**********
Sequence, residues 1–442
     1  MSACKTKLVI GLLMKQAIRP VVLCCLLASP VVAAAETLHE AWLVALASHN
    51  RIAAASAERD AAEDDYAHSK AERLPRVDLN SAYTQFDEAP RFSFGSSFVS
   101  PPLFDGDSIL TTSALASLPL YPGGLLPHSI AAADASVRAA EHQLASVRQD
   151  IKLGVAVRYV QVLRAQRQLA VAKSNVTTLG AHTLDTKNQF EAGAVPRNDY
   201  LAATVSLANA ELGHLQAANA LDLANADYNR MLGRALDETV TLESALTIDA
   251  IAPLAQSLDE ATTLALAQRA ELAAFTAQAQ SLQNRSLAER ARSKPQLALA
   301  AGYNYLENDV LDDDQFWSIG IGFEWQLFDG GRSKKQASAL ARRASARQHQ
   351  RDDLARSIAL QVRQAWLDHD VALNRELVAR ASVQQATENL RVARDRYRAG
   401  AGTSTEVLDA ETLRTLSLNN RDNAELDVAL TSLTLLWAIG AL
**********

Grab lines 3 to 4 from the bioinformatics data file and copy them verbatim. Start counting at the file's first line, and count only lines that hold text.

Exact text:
    51  RIAAASAERD AAEDDYAHSK AERLPRVDLN SAYTQFDEAP RFSFGSSFVS
   101  PPLFDGDSIL TTSALASLPL YPGGLLPHSI AAADASVRAA EHQLASVRQD